Synit uses the Linux kernel as a hardware abstraction and virtualisation layer.
init is PID 1, and thus the root of the tree of processes according to the kernel, it
is not the root of the supervision tree. The
init process, acting as management daemon for
the kernel from Synit's perspective, is "supervised" by the system bus like all other
services. The supervision tree is a Synit concept, not a Linux concept.
The kernel first loads the stock PostmarketOS
initrd, which performs a number of important
tasks and then delegates to
synit-config package overrides the usual contents of
/sbin/init, replacing it with a short shell script,
synit-init.sh. This script, in turn,
takes care of a few boring tasks such as mounting
/run, etc., ensuring that
a few important directories exist, and remounting
/ as read-write before
For the remainder of the lifetime of the system,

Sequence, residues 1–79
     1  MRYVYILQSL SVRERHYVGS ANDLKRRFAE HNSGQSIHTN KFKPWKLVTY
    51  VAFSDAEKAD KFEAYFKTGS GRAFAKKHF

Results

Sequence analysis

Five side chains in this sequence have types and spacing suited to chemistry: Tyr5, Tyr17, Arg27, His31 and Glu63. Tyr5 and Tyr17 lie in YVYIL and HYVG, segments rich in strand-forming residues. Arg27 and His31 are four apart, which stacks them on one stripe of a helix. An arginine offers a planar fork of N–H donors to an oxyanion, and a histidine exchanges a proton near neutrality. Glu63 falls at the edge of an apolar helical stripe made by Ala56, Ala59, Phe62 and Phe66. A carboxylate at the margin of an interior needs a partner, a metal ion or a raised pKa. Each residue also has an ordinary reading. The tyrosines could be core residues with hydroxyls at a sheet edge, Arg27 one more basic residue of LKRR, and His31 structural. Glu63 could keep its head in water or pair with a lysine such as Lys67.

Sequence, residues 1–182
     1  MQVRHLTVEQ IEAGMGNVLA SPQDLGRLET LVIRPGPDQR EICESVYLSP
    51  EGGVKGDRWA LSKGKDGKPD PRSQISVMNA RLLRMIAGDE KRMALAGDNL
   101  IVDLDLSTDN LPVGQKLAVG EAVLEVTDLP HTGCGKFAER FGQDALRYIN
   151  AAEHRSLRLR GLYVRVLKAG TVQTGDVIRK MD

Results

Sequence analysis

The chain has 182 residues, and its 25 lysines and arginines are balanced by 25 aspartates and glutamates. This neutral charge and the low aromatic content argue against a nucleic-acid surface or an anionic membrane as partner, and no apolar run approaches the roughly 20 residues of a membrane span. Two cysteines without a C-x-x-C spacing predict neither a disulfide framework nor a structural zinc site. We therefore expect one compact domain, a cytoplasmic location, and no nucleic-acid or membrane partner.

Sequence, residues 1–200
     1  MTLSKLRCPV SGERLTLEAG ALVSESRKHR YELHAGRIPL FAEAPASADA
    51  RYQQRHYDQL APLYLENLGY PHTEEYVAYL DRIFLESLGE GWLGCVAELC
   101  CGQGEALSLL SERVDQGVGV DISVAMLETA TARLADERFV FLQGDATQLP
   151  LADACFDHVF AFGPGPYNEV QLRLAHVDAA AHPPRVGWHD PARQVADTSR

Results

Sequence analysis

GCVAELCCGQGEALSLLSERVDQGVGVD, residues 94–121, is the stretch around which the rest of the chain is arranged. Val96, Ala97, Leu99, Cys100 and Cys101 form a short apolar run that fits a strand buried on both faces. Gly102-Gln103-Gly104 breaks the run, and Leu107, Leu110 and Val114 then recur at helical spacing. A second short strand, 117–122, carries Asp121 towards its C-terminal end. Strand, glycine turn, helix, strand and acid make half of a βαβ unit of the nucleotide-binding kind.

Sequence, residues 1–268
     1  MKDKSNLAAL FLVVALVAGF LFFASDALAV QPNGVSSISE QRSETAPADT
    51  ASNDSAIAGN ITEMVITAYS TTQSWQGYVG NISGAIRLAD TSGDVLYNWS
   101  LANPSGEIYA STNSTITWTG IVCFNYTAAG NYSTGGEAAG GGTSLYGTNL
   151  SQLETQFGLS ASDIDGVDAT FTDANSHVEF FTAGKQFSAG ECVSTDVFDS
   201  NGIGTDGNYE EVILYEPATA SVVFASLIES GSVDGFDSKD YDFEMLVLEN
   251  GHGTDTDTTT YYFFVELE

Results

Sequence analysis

/sbin/synit-pid1 is the PID 1
synit-pid1 program starts by spawning the system bus
syndicate-server in the process tree above) and the program
stderr of the former to
stdin of the latter.
It then goes on to perform two tasks concurrently: the first is the Unix
init role, reaping zombie processes, and the second is
to interact with the system bus as an ordinary system service.
The latter allows the system to treat
init just like any other part of the system, accessing
its abilities to reboot or power off the system using messages and assertions in the system
dataspace as usual.
synit-pid1 is, to the kernel, a parent process of
syndicate-server, it is
logically a child process.
- Source code:
This short shell script invokes the S6 program
s6-log to capture log
output from the system bus, directing it to files in